The Variations of IVF


10 min read

IVF is short for in vitro fertilization. It means that rather than an egg being fertilized within the human body (known as in vivo fertilization), the egg is fertilized within a laboratory outside of the body. IVF is a common procedure in the world of fertility treatment, but it comes with lots of variations. The variations can come in the form of different insemination types, who is providing the eggs and sperm to create the embryos, whether or not you choose to do genetic testing, and eventually when and how you do an embryo transfer to try to get pregnant. We’ve broken down some of the possible types of IVF to help you understand many of the possibilities.

Conventional IVF

Conventional IVF is the most standard version of the process. In conventional IVF, you undergo ovarian stimulation using injectable fertility medications to grow multiple eggs in each ovary. After about 10-14 days of medications, when the eggs are likely mature, your doctor gives instructions to do the trigger shot. The trigger shot prepares the eggs to be retrieved during the egg retrieval procedure that happens 36 hours later. 

In conventional IVF, the retrieved eggs are fertilized by a method known as conventional insemination. In conventional insemination, the sperm sample is combined with the eggs in the embryology lab. The sperm are allowed to naturally go about fertilizing the eggs without any assistance from the embryology team. 

Mini IVF

Mini IVF is a form of IVF that uses lower doses of stimulation medications (sometimes oral, sometimes injectable, and sometimes a combination of both). One of the reasons why mini IVF is done is to limit the likelihood of a severe response to high-dose fertility medications called OHSS (most frequently seen in patients with very high egg count). Although standard IVF using doses on the lower side (but not low enough to be considered mini) is the more common way to treat these patients. The second reason behind doing mini IVF is that patients can save money in a few ways: 

  • Using lower doses of injectables or using oral medications can save hundreds and sometimes even thousands of dollars in medication costs.

  • Some mini IVF cycle protocols require less frequent office visits resulting in lower monitoring fees.

  • With mini IVF, there is less likelihood of having extra embryos that need to be frozen, which also can reduce how much you are spending.

The actual savings of mini IVF varies per clinic and per treatment protocol. 

Mini IVF does result in fewer mature eggs being retrieved at the egg retrieval, so there are fewer chances to create a normal embryo for transfer. Some doctors and clinics claim that mini IVF may result in higher quality eggs, but there is currently little research to confirm this. 

It’s important to note that not all clinics offer mini IVF. If you think that mini IVF is something that you are interested in, talk with your doctor about your likelihood of success with mini IVF.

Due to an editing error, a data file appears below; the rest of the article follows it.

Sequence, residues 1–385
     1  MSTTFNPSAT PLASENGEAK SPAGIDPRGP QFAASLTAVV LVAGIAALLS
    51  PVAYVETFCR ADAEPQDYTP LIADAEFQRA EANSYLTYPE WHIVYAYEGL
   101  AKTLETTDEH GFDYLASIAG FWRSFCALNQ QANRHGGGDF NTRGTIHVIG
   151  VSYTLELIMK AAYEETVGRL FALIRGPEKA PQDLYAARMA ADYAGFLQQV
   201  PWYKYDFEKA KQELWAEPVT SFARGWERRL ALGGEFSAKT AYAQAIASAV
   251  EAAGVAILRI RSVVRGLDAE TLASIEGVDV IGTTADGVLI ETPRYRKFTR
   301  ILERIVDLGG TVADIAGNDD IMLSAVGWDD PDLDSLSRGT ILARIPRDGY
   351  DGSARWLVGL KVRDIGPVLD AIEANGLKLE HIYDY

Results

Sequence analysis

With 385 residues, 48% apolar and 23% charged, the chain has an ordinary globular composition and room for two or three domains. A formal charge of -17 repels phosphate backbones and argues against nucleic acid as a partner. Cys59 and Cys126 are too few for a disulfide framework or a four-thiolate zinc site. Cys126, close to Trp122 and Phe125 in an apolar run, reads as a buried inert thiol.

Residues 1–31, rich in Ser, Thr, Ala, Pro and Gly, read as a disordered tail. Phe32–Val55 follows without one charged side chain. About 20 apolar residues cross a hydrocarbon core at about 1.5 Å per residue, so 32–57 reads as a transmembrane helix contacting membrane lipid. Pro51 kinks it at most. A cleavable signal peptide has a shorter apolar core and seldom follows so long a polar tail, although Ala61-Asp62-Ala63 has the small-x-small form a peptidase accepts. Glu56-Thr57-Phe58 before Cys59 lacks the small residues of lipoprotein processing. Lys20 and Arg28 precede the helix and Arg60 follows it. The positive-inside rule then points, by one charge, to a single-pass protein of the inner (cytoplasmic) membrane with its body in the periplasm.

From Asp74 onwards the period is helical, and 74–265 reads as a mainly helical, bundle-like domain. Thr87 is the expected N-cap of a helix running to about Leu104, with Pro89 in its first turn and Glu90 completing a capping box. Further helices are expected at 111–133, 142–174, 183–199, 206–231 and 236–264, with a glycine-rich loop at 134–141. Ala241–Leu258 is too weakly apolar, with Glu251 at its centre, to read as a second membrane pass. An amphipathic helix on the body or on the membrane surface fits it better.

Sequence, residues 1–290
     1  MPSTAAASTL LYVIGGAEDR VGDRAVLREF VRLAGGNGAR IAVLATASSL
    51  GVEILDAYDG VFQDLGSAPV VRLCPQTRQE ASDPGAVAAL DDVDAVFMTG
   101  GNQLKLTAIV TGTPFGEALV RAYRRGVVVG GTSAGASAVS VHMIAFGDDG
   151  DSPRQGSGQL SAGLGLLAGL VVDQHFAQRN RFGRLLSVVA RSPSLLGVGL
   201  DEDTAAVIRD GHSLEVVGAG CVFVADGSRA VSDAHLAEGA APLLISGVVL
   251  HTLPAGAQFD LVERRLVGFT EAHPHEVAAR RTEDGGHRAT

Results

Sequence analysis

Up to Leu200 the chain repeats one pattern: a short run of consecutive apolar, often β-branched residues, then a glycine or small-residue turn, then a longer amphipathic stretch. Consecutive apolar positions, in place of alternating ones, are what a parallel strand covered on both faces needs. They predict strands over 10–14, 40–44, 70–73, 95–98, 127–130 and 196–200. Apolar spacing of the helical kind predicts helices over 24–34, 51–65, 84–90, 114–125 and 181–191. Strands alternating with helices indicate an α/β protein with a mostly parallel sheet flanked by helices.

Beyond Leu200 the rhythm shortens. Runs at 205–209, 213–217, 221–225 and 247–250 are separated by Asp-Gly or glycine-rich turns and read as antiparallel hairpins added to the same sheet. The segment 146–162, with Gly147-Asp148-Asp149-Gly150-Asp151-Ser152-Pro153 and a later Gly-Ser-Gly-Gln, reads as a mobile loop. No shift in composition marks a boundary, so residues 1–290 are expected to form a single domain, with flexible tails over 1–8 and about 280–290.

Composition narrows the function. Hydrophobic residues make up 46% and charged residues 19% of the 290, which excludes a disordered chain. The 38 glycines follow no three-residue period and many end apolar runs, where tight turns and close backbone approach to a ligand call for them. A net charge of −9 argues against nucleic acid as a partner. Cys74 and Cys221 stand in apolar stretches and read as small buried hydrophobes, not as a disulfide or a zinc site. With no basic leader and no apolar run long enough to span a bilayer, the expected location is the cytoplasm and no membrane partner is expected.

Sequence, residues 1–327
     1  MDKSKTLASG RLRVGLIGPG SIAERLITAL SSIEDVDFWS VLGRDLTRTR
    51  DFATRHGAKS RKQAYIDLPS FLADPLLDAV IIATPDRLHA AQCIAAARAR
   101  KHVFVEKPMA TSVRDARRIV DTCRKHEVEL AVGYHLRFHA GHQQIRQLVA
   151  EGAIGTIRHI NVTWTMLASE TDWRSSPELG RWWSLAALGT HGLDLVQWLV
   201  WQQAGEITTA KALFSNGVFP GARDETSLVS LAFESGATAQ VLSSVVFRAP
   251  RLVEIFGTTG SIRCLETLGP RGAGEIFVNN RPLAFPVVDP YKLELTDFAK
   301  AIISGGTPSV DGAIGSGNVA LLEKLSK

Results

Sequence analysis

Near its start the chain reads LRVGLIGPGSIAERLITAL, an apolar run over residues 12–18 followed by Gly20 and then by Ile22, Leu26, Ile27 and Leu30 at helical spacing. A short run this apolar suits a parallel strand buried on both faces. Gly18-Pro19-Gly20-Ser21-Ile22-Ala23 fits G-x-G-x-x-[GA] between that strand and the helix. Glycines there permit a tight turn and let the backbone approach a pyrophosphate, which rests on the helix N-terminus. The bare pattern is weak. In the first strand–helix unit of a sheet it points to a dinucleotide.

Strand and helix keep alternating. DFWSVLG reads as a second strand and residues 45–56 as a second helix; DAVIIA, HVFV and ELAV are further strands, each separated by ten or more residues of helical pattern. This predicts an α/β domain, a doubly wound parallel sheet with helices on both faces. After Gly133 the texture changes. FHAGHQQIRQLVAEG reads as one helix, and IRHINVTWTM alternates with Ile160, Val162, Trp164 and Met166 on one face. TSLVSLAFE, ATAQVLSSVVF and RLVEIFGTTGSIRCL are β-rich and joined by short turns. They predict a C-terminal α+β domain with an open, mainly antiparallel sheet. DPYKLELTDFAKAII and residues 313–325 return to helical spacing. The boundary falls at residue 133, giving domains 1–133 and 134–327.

IVF with egg donation

IVF using donor eggs can happen one of two ways: frozen or fresh. 

Frozen donor eggs

In the frozen case, an egg donor goes through ovarian stimulation for 10-14 days, and then eggs removed during the egg retrieval belong to the egg bank where they remain frozen. The donor eggs then can be purchased, thawed, fertilized, and eventually transferred into a person or couple who purchases them. 

Fresh egg donor

Conversely, in a fresh egg donor IVF cycle, a person or couple chooses either a known or anonymous egg donor. The donor undergoes ovarian stimulation for 10-14 days, followed by an egg retrieval. The retrieved eggs are then fertilized by the sperm of the person or couple who selected this donor. 

Purchasing eggs from an egg bank can speed up the IVF process because the eggs have already been retrieved and you know exactly how many eggs you are purchasing. Egg banks typically sell eggs in lots of 6 or 8. When doing a fresh donor cycle, starting treatment may take longer because you have to work around the schedule of the donor and there is no way of knowing exactly how many eggs you’ll get from the fresh donor cycle in advance. Your clinic can help guide you through your donor egg options to determine which route may be best for you.


IVF with ICSI refers to the method in which the retrieved eggs are fertilized, known as Intracytoplasmic Sperm Injection. In IVF with ICSI, you undergo ovarian stimulation using injectable fertility medications to grow multiple eggs in each ovary. After about 10-14 days of medications, when the eggs are likely mature, your doctor gives instructions to do the trigger shot. The trigger shot prepares the eggs to be retrieved during the egg retrieval procedure that happens 36 hours later. 

During ICSI, the embryologist holds each egg still, one at a time, using gentle suction through a glass pipette. Then they draw up one sperm into a tiny needle. Next, they puncture through the outer coating of the egg and inject the singular sperm into the cytoplasm of the egg. Finally, the needle is removed and the rest of the fertilization process (the combining of the sperm and egg DNA) is allowed to happen naturally.

ICSI is used in cases where fertilization has failed in past treatment cycles, in cases of male-factor infertility, and frequently in cycles where the embryos will undergo testing for specific genetic abnormalities.

Conventional Insemination (left) compared to ICSI (right)

IVF with donor sperm 

IVF with donor sperm is very similar to conventional IVF, but instead of using the male partner’s sperm, a donor sperm sample is used. The 10-14 day IVF ovarian stimulation and egg retrieval portions are unchanged. There are a few times when donor sperm samples are commonly used:

  • Same-sex female couples

  • Male-factor infertility

  • Single mother by choice (SMC)

Donor sperm can be from a known donor or purchased from a sperm bank. Required testing and fees vary between each type of donor, so it is important to discuss your sperm source options with your doctor.